Things are looking up for the Canadian oil sands. After years of strife and faltering profits, battered by environmental regulations and domestic pipeline shortages as well as the flood of cheap shale oil and gas coming out of the United States thanks to the West Texas shale revolution, 2021 is on track to be a much, much better year for Canadian oil. While pretty much any and every oil-producing nation in the world has had a less-than-stellar year, to put it mildly, few have had it as bad as Canada. The already-bruised sector was absolutely battered by the novel coronavirus. On that infamous day in “Black April” that the West Texas Intermediate crude benchmark shocked the world by plunging into negative oil prices, essentially paying buyers to take crude off their hands, Canadian oil actually dipped below zero first.
And that was just the icing on top of the nasty cake of troubles that Canadian oil has been facing. Since way before the pandemic’s blow to oil demand and oil prices, the industry faced years of severe pipeline shortages that left the Canadian oil sector with plenty of supply and plenty of demand, but no infrastructure to connect the dots, leading to a severe supply glut, forcing Canadian oil producers to sell their crude at a major discount. This unfortunate quagmire ultimately cost Canadian producers a devastating $20 billion in lost profits in 2018 alone, according to calculations by conservative think tank the Fraser Institute. On top of the pipeline woes, Canadian oil producers were further battered by conflict and environmental fines from polluter-paid principles thanks to the extraordinarily dirty bitumen--a thick, viscous, and sticky kind of crude oil--that comes out of the mega-polluting oil sands.
But things are finally looking up for Canadian crude. Back in October Oilprice reported that 2021 was going to be a comeback year for the sector, thanks to “a tapering off of Mexican heavy crude exports to refineries on the United States Gulf Coast, opening up the market for Canadian oil” and the construction of three new, desperately needed pipelines. And now, just this week, World Oil is reporting that “after years in the shadow of the U.S. shale boom, the Canadian oil sands are emerging from 2020’s historic market crash with a slew of upbeat outlooks from Wall Street equity analysts.”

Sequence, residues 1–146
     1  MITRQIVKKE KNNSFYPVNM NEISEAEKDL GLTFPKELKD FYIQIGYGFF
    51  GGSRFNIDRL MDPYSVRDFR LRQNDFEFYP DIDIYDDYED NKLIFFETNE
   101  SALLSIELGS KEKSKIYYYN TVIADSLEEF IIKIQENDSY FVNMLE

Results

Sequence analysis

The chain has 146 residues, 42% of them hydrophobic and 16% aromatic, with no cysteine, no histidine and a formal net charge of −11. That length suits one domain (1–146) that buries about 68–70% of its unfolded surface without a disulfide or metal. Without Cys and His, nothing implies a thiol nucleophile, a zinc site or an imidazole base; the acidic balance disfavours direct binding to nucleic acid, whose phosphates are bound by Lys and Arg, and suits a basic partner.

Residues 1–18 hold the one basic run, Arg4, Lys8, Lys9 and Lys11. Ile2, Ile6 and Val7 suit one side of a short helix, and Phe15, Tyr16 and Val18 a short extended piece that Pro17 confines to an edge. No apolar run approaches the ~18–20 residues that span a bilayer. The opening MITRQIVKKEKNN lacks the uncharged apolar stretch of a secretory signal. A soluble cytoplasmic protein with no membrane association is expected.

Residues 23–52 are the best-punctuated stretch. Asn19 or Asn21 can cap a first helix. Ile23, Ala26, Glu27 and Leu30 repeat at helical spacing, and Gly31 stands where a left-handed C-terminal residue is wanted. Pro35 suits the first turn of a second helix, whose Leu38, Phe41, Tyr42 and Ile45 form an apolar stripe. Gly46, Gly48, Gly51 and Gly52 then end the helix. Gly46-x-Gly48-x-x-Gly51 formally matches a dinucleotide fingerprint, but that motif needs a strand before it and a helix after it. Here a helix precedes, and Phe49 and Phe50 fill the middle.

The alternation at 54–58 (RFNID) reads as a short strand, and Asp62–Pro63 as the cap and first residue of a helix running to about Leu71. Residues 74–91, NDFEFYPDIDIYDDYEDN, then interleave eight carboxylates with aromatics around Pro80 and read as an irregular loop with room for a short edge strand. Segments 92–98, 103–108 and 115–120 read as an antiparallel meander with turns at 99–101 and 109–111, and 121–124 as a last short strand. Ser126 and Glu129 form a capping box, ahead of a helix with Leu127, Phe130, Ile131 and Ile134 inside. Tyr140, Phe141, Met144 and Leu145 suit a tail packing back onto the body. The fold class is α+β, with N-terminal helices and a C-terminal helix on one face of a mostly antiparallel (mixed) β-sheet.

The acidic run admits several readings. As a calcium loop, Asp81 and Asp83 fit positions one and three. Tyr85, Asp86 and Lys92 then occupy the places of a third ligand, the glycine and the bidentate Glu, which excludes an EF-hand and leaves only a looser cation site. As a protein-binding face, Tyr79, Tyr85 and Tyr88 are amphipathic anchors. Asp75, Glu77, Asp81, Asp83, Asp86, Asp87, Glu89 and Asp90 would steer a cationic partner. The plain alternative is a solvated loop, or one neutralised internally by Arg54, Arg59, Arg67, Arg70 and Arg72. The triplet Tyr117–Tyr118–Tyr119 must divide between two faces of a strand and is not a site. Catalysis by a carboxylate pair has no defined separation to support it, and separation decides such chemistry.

Wall Street is finally warming up to the Oil Sands, and a lot of major players are involved. “Morgan Stanley and Goldman Sachs Group Inc. are the latest firms to point out the industry’s ability to generate healthy cash flow next year as a reason to buy stocks like Suncor Energy Inc., Canadian Natural Resources Ltd., and MEG Energy Corp. That follows similar reports from BofA Securities and BMO Capital Markets,” World Oil reports.
While the Oil Sands still face difficulties, especially due to their considerably harsh negative environmental externalities and a major contribution to global greenhouse gas emissions, they have an edge over U.S. shale producers in the current climate (so to speak). While shale wells have a short lifespan, requiring lots of liquid cash for constant oil exploration to keep shale output anything close to steady, the output from oil sands mines is constant. It looks like in 2021, slow and steady is finally going to win the race.
In fact, the tortoise is already soaring ahead. According to data compiled by Bloomberg, Canadian oil producers absolutely crushed shale producers in the third quarter. “The eight largest oil-sands producers by market value posted a combined free cash flow of $1.4 billion for the third quarter, compared with $163.7 million from the top eight U.S. exploration and production companies.” As the shale revolution fades into the rearview mirror, it looks like the best is yet to come for Canadian crude.
By Haley Zaremba for Oilprice.com
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